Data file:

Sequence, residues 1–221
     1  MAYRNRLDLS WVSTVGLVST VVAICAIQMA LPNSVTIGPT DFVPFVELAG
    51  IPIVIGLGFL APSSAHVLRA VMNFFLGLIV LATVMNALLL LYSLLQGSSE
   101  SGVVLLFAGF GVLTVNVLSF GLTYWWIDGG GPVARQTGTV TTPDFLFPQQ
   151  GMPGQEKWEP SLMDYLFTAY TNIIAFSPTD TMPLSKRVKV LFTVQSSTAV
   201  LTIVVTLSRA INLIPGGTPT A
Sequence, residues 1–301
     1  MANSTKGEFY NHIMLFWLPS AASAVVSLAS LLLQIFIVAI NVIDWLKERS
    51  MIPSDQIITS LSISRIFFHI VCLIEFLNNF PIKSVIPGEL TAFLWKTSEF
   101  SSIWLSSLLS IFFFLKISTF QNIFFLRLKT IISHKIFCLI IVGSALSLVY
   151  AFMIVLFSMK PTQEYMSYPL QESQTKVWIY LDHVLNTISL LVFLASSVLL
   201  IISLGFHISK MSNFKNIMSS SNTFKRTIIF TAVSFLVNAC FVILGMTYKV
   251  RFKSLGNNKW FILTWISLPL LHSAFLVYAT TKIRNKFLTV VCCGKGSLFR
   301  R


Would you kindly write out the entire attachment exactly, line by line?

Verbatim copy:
Sequence, residues 1–221
     1  MAYRNRLDLS WVSTVGLVST VVAICAIQMA LPNSVTIGPT DFVPFVELAG
    51  IPIVIGLGFL APSSAHVLRA VMNFFLGLIV LATVMNALLL LYSLLQGSSE
   101  SGVVLLFAGF GVLTVNVLSF GLTYWWIDGG GPVARQTGTV TTPDFLFPQQ
   151  GMPGQEKWEP SLMDYLFTAY TNIIAFSPTD TMPLSKRVKV LFTVQSSTAV
   201  LTIVVTLSRA INLIPGGTPT A
Sequence, residues 1–301
     1  MANSTKGEFY NHIMLFWLPS AASAVVSLAS LLLQIFIVAI NVIDWLKERS
    51  MIPSDQIITS LSISRIFFHI VCLIEFLNNF PIKSVIPGEL TAFLWKTSEF
   101  SSIWLSSLLS IFFFLKISTF QNIFFLRLKT IISHKIFCLI IVGSALSLVY
   151  AFMIVLFSMK PTQEYMSYPL QESQTKVWIY LDHVLNTISL LVFLASSVLL
   201  IISLGFHISK MSNFKNIMSS SNTFKRTIIF TAVSFLVNAC FVILGMTYKV
   251  RFKSLGNNKW FILTWISLPL LHSAFLVYAT TKIRNKFLTV VCCGKGSLFR
   301  R